The project Stress-Tolerant Rice for Africa and South Asia (STRASA) was started by IRRI at the end of 2007 in collaboration with AfricaRice to develop and deliver rice varieties that are tolerant to abiotic stresses for the millions of farmers in rainfed rice-growing environments in Asia and Africa.
STRASA, conceived as a 10-year project, delivered the improved varieties to at least 18 million farmers on the two continents. The project ends boasting of significant spillover effects for non-participating countries particularly on the use of developed stress-tolerant rice varieties and participation to a regional cooperation on seed exchange agreement.
Seed and seed systems: South Asia
STRASA Phase 3 (2014-19) made good progress in releasing and disseminating 71 stress-tolerant rice varieties (STRVs) in India (58), Bangladesh (6), and Nepal (7), of which 27 are drought tolerant, 23 are submergence tolerant, 12 are salinity tolerant, and nine are tolerant to multiple stresses [drought and heat (2), drought and submergence (6), and submergence and salinity (1)]. The nine multiple stress-tolerant rice varieties included five from India (DRR 52, DRR 47, Sukha dhan 5, CR dhan 801, and CR dhan 802), one from Bangladesh (BRRI dhan78), and three from Nepal (Sukha dhan 6, Bahuguni dhan-1, and Bahuguni dhan-2) which were also released and disseminated in South Asia. The coverage of these rice varieties is progressively increasing every year because of their tolerance to multiple stresses, early maturity and suitability to local cropping systems, good taste, and good market price. Twenty-two (22) more STRVs, including four that are multiple stress-tolerant, have been released during the project’s final year, 2018-19.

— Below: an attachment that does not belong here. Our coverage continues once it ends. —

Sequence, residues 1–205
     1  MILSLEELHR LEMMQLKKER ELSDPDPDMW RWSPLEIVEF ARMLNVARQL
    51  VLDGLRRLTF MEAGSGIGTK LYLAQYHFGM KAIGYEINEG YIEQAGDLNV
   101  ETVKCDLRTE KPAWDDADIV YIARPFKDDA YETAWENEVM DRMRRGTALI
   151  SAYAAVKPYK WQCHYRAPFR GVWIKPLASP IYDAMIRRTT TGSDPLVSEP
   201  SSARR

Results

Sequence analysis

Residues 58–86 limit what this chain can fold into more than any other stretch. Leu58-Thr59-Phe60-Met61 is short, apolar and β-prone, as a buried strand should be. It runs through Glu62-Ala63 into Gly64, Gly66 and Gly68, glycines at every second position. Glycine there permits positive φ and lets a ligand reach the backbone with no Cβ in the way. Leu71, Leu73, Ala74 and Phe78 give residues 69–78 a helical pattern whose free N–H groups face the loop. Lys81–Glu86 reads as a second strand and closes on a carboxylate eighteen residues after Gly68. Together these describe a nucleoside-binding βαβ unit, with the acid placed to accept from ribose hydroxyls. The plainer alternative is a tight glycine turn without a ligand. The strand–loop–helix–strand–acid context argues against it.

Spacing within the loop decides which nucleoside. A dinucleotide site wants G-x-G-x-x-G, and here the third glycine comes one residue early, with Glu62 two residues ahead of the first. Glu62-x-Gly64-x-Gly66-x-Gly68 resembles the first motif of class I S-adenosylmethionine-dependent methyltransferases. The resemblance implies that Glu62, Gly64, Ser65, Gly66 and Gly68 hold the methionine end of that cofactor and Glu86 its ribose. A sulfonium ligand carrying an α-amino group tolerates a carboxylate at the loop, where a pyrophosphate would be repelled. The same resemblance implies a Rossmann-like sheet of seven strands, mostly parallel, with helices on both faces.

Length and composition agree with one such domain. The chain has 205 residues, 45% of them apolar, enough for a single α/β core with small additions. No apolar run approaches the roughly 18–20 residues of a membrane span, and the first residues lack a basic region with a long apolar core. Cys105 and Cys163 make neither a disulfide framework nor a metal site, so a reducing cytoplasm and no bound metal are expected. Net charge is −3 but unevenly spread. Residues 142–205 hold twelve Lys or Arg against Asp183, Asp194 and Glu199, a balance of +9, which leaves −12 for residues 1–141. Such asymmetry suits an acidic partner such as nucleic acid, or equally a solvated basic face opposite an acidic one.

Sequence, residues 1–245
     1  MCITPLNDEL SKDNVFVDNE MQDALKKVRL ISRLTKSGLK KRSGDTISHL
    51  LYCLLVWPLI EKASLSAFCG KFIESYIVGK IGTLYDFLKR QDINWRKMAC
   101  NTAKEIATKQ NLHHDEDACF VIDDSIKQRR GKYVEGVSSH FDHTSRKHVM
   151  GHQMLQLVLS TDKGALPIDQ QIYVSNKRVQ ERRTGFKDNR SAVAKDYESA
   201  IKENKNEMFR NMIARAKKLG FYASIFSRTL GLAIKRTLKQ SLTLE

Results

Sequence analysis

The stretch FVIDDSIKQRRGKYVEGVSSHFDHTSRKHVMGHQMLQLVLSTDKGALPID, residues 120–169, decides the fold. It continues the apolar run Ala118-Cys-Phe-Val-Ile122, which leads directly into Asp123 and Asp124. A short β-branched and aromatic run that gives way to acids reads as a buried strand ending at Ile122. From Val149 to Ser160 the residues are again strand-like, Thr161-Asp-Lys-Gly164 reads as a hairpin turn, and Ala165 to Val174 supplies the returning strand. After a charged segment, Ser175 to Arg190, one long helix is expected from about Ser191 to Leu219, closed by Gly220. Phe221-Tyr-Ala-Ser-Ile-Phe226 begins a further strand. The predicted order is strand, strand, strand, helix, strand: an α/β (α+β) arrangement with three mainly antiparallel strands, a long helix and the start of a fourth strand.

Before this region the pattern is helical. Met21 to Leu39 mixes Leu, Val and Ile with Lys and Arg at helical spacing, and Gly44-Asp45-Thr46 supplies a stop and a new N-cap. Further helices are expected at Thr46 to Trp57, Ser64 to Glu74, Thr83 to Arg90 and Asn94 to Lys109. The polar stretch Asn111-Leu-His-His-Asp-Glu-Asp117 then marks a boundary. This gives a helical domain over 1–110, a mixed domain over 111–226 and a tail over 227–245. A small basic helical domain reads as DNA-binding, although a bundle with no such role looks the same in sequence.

Widespread and persistent rural poverty is a longstanding problem in both Asia and Africa, particularly in rainfed ecosystems where rice is grown without irrigation.
For the past 11 years, the STRASA project has worked in India, Bangladesh, and Nepal in South Asia; in Nigeria, Benin, and Senegal in Sub-Saharan Africa; in Burkina Faso, Ghana, Guinea, The Gambia, Mali, Côte d’Ivoire, Guinea Conakry, and Sierra Leone in West Africa; and in Mozambique, Tanzania, Uganda, Ethiopia, Madagascar, Rwanda, Burundi, and Kenya in East and South Africa.
Under the three phases of the project, more than 150 climate-smart rice varieties that are tolerant to flood, drought, and salinity, including multiple tolerance in a variety, were released in various countries in South Asia and in sub-Saharan Africa. Several more are in the process of being released.
In addition to improving varieties and distributing seeds, the STRASA project was able to train 74,000 farmers and scientists —including 19,400 women farmers—in producing good-quality seeds through its capacity-building component.
The project has also influenced regional policies through enhanced cross-border sharing of information. This has helped facilitate the faster release of climate-smart varieties and the broader sharing of seeds in Asia and sub-Saharan Africa, especially among poor farmers who are most affected by climate change.